Conditions Physiatrists Treat
Physiatrists treat conditions of the bones, muscles, joints, brain and nervous system, which can affect other systems of the body and limit a person's ability to function. Here are some of the most common conditions treated:
- Brain Injury
- Cerebral Palsy
- Multiple Sclerosis and Other Neurological Conditions
- Muscular Dystrophy
- Parkinson's Disease
- Spasticity & Movement Disorders
- Spinal Cord Injury
- Spine Pain
- Sports-Related Injuries
Non-Surgical Approaches to Treatment
The PM&R physician is very skilled in performing musculoskeletal and neurologic examinations. Aside from the history and physical that are the foundation of any patient evaluation, physiatrists are also trained to utilize laboratory testing, x-rays, MRI scans, electromyography (EMG), nerve conduction studies (NCS) and psychological testing. Once a patient's conditioned is assessed, here are common treatment approaches:
- Prosthetics and Orthotics
- Electrical Stimulation
- Active Physical Therapy
- Manual Therapy
- Joint & Trigger Point Injections
- Heat/ Cold and Water Therapy
- Alternative Medicine
- Assistive Devices
Multi-Disciplinary Team Approach
Physiatrists take a unique approach on caring for the whole person, so they direct and coordinate care with a diverse rehabilitation team - all of whom work together on a patient's treatment plan. Physiatrists work with the following professionals:
- Physical Therapists
- Occupational Therapists
- Recreational Therapists
- Speech Therapists
- Rehabilitation Nurses
- Social Workers
- Prosthetists/ Orthotists
- Other Physicians (i.e. Neurologists, Orthopedic Surgeons and Primary Care Doctors)
History of Physiatry
Since the beginning of time, people have used physical means for treatment of illness and injury, including water, heat, cold, massage, light, exercise and electricity. Written accounts of physical techniques for healing can be traced as far back as the writings of Hippocrates in 400 B.C. Yet physiatry did not become recognized as a separate medical specialty until 1947. Here's how this young, dynamic specialty was formed.
During and after World War I, empirical trials indicated that various physical methods were useful to augment medical care and convalescence of patients. Physicians began practicing "physiotherapy" in "reconstruction hospitals" to rehabilitate injured and disabled soldiers. Therapeutic tools and methods were developed or improved to apply heat, massage, exercise, electrical stimulation, heliotherapy and diathermy. Physicians pioneered new medical applications of electrotherapeutics and x-rays. Functional activities of occupational therapy were extensively practiced in Army hospitals. Formal education for physiatry had its beginning in 1926 when, after service in the U.S. Army during World War I, Dr. John Stanley Coulter joined the faculty of Northwestern University Medical School as the first full-time academic physician in Physical Medicine. He became the leader of the educational development of the practice over the next two decades. He initiated the first continuing teaching program in Physical Medicine, consisting of short courses of three to six month's duration, later extended to one year for physicians in practice. Prior to that time, training in Physical Medicine had been by short preceptorship with a practitioner of some aspect of the specialty. During that period, Dr. Coulter gained recognition as the leader of the developing organizations for Physical Medicine physicians.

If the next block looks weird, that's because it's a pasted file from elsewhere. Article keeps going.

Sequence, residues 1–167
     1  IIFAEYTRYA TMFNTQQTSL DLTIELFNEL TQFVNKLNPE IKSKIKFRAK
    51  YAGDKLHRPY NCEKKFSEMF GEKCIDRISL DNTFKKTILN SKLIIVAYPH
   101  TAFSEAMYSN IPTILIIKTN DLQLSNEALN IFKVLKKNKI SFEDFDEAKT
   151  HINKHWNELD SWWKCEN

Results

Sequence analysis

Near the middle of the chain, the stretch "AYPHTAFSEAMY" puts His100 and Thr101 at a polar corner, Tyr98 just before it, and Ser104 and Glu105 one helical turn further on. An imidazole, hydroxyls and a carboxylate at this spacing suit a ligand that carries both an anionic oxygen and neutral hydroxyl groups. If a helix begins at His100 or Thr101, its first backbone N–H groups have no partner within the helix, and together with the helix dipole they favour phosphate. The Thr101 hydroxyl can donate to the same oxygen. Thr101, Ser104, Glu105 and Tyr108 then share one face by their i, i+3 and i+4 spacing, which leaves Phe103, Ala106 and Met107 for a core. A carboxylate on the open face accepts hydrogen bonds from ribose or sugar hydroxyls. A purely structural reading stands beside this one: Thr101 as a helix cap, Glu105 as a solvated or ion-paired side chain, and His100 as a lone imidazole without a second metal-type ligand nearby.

The 1930s brought further organization and purpose to the specialty of Physical Medicine. Additional opportunities for training physicians began to develop, and groups began to form to represent specific interests within PM&R. Frank Krusen, MD, established the Physical Medicine Program at the Mayo Clinic in 1936 and initiated the first three-year residency in Physical Medicine. Drs. Coulter and Krusen led the organization of the American Academy of Physical Medicine in 1938, and Dr. Coulter is credited with being its Organizational President. In that year, Dr. Krusen coined the word "physiatrist" to describe the small group of physicians who were dedicated to Physical Medicine as medical therapeutics to treat neurological and musculoskeletal disorders. Dr. Krusen wrote the first widely used textbook on Physical Medicine in 1941. He is recognized as the "Father of Physical Medicine." In 1946, the AMA Council on Physical Medicine voted to sponsor the term "physiatrist".
It was not until after World War II, however, that society began to understand the necessity for more advanced treatment and rehabilitation for the disabled. Due to substantial debilitating war injuries and thousands disabled by a poliomyelitis epidemic, the public became more aware. The influence of radio, movie newsreels and television brought home the reality of polio with President Franklin D. Roosevelt. These events created an increased demand for physicians trained in a comprehensive approach to rehabilitation. With cases of polio reaching nearly 58,000 in 1952, physiatrists were called upon to treat the "whole patient" and direct the restoration of the disabled and their return to functional roles in their communities.